Corporate executives might want to think twice before relying on hedge fund matchmakers. It appears they are not even patient enough to stick around for the wedding.
Last week, Daniel Loeb of Third Point released a presentation indicating the plan to combine and then break up industrial giants Dow Chemical Co. and DuPont Co. no longer had his blessing. Never mind that Loeb backed the $143 billion megamerger when it was announced in December 2015, or the fact that he was pushing for a break up of Dow or some sort of deal for a year before that.
And he's not the only activist hedge fund manager getting cold feet. Nelson Peltz of Trian Fund Management, who all but rammed DuPont into Dow's arms, like Loeb seems to have lost his enthusiasm for the deal he helped create. Peltz has sold just more than 11 million shares of DuPont, or more than half his stake, in the past year. It's not clear if he plans to stick around to see the deal through. Peltz, through a spokesperson, declined to comment. Loeb has reduced his stake in Dow as well, though he hasn't cashed out as much as Peltz.
Activist hedge fund managers, once called raiders, have long advocated for acquisitions, breakups and other restructurings. But the Dow-DuPont deal was different, seen as a high-water mark. The Wall Street Journal said the deal "cemented" the rise of activists. Trian was apparently so pleased with that characterization that it posted the article on its website. The difference with the Dow-DuPont deal was that not only were the hedge funds pushing for a deal, they basically negotiated it. It was not just that the barbarians were finally inside the gates. The Dow-DuPont deal showed that the barbarians owned the gates and it was the corporate executives who were ringing the buzzer to get inside.
Peltz first met with Dow CEO Andrew Liveris in 2014 to gauge his interest in a deal with DuPont. He later helped push out DuPont CEO Ellen Kullman, who was cold to the idea. Ed Breen, who succeeded Kullman, met with Peltz soon after taking the job and let him know he was on board. Peltz invited Dow representatives to his Palm Beach, Florida, mansion to hash out the details of the deal, specifically what business units would go where after Dow and DuPont were split up into three companies after the merger. It does not appear any representatives of DuPont were present. Loeb's two board nominees signed off on the deal.
But it now seems clear that the plan hatched by the activists will produce a lot less value than what Peltz and others promised. Shareholders of both companies are questioning the breakup plan. The companies have said their future combined board will launch a formal review after the deal is completed. Loeb says the current plan will cost the combined company $20 billion in value. In early 2015, Peltz said his plan would make DuPont's shares worth as much as $120 by the end of 2017. Nonetheless, he has been dumping his stake even though the stock has mostly stayed below $80.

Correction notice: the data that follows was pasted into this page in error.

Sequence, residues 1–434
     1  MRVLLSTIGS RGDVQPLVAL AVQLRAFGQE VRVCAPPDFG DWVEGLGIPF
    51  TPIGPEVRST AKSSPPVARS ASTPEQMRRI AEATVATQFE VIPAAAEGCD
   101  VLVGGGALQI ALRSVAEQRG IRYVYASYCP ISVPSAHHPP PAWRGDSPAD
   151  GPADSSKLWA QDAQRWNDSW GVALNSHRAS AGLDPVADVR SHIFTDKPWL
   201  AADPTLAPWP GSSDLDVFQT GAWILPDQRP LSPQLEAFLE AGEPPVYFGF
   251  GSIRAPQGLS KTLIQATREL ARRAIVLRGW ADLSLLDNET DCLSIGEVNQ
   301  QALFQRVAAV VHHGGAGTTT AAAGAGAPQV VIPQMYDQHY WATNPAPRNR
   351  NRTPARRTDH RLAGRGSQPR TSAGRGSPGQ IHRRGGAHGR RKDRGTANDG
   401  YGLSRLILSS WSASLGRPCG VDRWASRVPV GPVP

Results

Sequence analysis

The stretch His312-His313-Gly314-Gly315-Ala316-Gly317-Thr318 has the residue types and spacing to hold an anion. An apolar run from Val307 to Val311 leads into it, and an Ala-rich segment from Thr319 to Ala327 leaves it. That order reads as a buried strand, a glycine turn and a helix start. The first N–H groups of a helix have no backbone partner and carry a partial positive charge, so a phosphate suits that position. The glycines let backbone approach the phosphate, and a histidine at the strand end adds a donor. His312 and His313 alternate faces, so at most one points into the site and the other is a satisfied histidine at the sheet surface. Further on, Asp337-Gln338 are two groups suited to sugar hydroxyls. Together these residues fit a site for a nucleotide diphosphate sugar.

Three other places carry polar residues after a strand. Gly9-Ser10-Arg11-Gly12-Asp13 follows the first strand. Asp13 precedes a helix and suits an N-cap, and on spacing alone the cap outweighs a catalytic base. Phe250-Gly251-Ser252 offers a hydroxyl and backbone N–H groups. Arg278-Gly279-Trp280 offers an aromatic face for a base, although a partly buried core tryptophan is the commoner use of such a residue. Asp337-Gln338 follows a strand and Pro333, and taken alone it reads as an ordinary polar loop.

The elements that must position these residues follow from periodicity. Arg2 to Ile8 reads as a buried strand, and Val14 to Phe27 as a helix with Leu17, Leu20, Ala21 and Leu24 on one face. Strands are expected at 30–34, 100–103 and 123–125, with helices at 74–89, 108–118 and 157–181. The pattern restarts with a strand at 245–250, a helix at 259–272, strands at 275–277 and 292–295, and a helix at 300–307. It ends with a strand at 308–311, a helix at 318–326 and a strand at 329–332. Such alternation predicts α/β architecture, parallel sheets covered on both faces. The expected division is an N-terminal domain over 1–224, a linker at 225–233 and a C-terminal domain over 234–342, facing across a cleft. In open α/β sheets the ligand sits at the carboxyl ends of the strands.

The problem is the deal math never really added up. When Peltz first proposed the breakup plan, his $120 stock price for DuPont rested on the company reaching a 23 percent profit margin. To get there, it would have to cut about $1.8 billion in costs. But the plan, even by Peltz's estimate, would most likely cost the company about $1 billion in revenue from lost cross-selling and other opportunities. That meant the annual savings DuPont actually needed was more like $3 billion, or about triple what the company said was possible. So Peltz needed a bigger pool to cut from. Enter Dow.
The Dow-DuPont merger announcement did come with a pledge of cutting as much as $3 billion in expenses. But it wasn't clear how combining two giant companies and then slicing them up into three would lower costs. Three companies would need, among other things, three accounting teams, three legal departments and three executive suites. The three-is-better-than-one argument seems to break the laws of economies of scale.
Loeb's new plan proposes to break the combined company up into six. He says doubling the number of companies again will equal even more savings. He doesn't say how, or how much. What's more, Loeb ignores the cross-selling issue, or how disruptive breaking up the business will be. He predicts the six new companies will have a higher combined revenue by the end of next year than Dow-DuPont would be estimated to have if it stayed together.
Where Loeb gets most of his proposed additional value is from shuffling businesses. He says Dow's food and water purification operations, for instance, should be paired with DuPont's nutrition and biosciences division, instead of heading, as they are slated now, into the materials division. That makes sense. But presumably Peltz and the others involved in the Palm Beach powwow had some logic in the original pairing. The customers, for example, of Dow's water purification business are largely industrial companies and not the giant consumer food companies that are the customers of the DuPont's nutrition business.
Nonetheless, Loeb says his nutrition and biosciences pairing should trade at a multiple of 15 times cash flow, creating a new company worth $34.5 billion, roughly doubling the value of those divisions. Will it? Not likely. Rival Monsanto trades at 15 times. But it has much higher profit margins, and to achieve those the newly formed company would have to cut an additional $370 million in costs from a considerably smaller pie. But don't expect Loeb to hang around long enough to have to deal with the shortfall. Instead, there will likely be another activist investor ready to shuffle Dow-DuPont's deck chairs once again.
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